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Rick Gates, Roger Stone and Steve Bannon. Photos: Brendan Smialowski/AFP, Mark Wilson and Stefano Montesi - Corbis/Corbis via Getty Images

Former White House chief strategist Steve Bannon and ex-Trump campaign chairman Rick Gates — two prominent witnesses in the Russia investigation — are expected to testify at former Trump campaign adviser Roger Stone's trial, prosecutor Aaron Zelinsky said Wednesday, per AP.

Why it matters: Zelinsky, who worked with former special counsel Robert Mueller in the Russia probe, said Stone tried to cover up his alleged attempts to determine if WikiLeaks had damaging information on Hillary Clinton, the New York Times reports.

  • Zelinsky accused Stone of concealing emails and texts "that would have exposed" his attempts to pass information from WikiLeaks founder Julian Assange to senior Trump officials, per the Times.
  • Stone is also accused of repeatedly lying to Congress, witness tampering and blocking the House investigation into whether Trump's campaign worked with Russia to influence the 2016 election, per AP.

Background: Bannon communicated with Stone in Oct. 2016 about Assange's publicly announced plan to release information related to the 2016 presidential election, emails obtained by the New York Times show.

  • WikiLeaks published thousands of hacked emails from the DNC and Clinton's campaign on July 22, 2016.
  • The FBI, CIA and Office of the Director of National Intelligence concluded in 2017 that Russian intelligence relayed hacked DNC material to WikiLeaks.

Go deeper: Prosecutors accuse Stone of violating gag order with social media posts

Go deeper

Scoop: Gina Haspel threatened to resign over plan to install Kash Patel as CIA deputy

CIA Director Gina Haspel. Photo: Win McNamee/Getty Images

CIA Director Gina Haspel threatened to resign in early December after President Trump cooked up a hasty plan to install loyalist Kash Patel, a former aide to Rep. Devin Nunes (R-Calif.), as her deputy, according to three senior administration officials with direct knowledge of the matter.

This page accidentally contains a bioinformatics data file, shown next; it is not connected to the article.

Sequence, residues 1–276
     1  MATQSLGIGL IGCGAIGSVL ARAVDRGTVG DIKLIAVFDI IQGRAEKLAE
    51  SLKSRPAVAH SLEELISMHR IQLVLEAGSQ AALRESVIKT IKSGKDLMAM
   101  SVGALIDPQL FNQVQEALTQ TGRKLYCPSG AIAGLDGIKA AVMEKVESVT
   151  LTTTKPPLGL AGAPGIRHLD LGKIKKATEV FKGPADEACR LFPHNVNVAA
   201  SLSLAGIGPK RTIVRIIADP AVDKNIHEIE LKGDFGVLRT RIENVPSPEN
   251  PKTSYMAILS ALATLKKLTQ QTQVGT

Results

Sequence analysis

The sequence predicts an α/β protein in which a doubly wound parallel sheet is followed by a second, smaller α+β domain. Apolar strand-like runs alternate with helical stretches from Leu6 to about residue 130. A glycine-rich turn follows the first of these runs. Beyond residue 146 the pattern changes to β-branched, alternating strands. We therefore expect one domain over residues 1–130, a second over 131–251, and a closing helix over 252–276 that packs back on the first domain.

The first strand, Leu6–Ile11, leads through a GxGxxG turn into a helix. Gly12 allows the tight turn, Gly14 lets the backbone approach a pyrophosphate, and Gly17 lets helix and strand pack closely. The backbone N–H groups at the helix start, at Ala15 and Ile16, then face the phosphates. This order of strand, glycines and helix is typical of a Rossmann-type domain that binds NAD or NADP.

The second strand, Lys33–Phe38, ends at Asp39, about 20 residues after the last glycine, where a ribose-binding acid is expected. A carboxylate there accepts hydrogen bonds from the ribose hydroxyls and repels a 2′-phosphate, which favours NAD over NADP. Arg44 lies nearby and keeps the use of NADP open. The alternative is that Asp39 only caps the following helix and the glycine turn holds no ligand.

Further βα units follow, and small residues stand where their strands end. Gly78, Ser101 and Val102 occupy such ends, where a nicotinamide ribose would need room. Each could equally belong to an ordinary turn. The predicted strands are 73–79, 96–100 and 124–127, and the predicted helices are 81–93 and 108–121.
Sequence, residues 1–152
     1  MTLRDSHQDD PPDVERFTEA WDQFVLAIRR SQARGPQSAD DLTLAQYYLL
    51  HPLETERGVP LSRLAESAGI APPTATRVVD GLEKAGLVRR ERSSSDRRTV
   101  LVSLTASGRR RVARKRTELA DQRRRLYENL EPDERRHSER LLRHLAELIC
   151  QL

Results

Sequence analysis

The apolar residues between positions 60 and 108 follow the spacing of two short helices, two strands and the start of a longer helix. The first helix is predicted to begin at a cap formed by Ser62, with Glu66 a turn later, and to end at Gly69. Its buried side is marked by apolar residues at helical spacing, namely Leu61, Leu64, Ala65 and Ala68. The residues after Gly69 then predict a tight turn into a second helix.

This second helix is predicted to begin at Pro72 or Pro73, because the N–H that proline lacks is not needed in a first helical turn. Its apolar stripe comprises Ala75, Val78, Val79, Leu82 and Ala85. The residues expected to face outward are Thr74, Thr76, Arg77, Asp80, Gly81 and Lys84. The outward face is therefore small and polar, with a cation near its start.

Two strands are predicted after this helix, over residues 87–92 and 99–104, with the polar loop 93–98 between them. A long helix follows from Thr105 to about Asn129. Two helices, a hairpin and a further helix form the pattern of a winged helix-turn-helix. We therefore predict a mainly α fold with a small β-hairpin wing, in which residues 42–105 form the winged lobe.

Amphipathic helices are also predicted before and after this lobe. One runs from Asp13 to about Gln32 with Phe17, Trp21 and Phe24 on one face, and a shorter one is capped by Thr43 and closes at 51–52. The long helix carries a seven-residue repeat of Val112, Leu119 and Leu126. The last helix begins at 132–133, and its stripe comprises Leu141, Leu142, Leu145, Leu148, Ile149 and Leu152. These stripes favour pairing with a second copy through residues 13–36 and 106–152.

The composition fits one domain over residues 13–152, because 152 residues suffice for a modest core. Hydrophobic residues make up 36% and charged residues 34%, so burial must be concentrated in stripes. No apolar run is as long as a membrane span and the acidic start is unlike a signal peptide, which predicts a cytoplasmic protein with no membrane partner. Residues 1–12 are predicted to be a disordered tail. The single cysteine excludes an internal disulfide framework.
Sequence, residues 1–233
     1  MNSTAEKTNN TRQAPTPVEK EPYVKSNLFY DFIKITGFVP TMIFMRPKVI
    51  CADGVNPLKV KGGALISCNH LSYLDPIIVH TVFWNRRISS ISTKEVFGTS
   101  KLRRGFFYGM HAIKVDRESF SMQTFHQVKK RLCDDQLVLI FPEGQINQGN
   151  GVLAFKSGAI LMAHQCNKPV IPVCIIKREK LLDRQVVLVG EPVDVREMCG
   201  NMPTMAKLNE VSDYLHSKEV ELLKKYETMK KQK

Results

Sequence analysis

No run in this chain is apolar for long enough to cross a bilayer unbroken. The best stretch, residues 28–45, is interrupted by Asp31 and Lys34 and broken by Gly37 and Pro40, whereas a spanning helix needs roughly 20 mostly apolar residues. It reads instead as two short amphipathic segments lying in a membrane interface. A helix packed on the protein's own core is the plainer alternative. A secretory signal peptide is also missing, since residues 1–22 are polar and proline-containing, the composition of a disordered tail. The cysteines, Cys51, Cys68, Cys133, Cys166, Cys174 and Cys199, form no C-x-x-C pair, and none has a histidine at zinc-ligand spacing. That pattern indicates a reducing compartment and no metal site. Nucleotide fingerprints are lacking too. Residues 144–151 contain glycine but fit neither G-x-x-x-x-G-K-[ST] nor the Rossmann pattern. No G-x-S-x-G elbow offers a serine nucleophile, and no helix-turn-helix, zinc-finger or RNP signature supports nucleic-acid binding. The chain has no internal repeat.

Why it matters: The revelation stunned national security officials and almost blew up the leadership of the world's most powerful spy agency. Only a series of coincidences — and last minute interventions from Vice President Mike Pence and White House counsel Pat Cipollone — stopped it.

Updated 8 hours ago - Politics & Policy

Coronavirus dashboard

Illustration: Sarah Grillo/Axios

  1. Health: Coronavirus deaths reach 4,000 per day as hospitals remain in crisis mode — CDC warns highly transmissible coronavirus variant could become dominant in U.S. in March.
  2. Politics: Biden says, "We will manage the hell out of" vaccine distribution — Biden taps ex-FDA chief to lead Operation Warp Speed amid rollout of COVID plan — Widow of GOP congressman-elect who died of COVID-19 will run to fill his seat.
  3. Vaccine: Battling Black mistrust of the vaccines"Pharmacy deserts" could become vaccine deserts — Instacart to give $25 to shoppers who get vaccine.
  4. Economy: Unemployment filings explode againFed chair: No interest rate hike coming any time soon —  Inflation rose more than expected in December.
  5. World: WHO team arrives in China to investigate pandemic origins.

John Weaver, Lincoln Project co-founder, acknowledges “inappropriate” messages

John Weaver aboard John McCain's campaign plane in February 2000. Photo: Robert Schmidt/AFP via Getty Images)

John Weaver, a veteran Republican operative who co-founded the Lincoln Project, declared in a statement to Axios on Friday that he sent “inappropriate,” sexually charged messages to multiple men.

  • “To the men I made uncomfortable through my messages that I viewed as consensual mutual conversations at the time: I am truly sorry. They were inappropriate and it was because of my failings that this discomfort was brought on you,” Weaver said.
  • “The truth is that I'm gay,” he added. “And that I have a wife and two kids who I love. My inability to reconcile those two truths has led to this agonizing place.”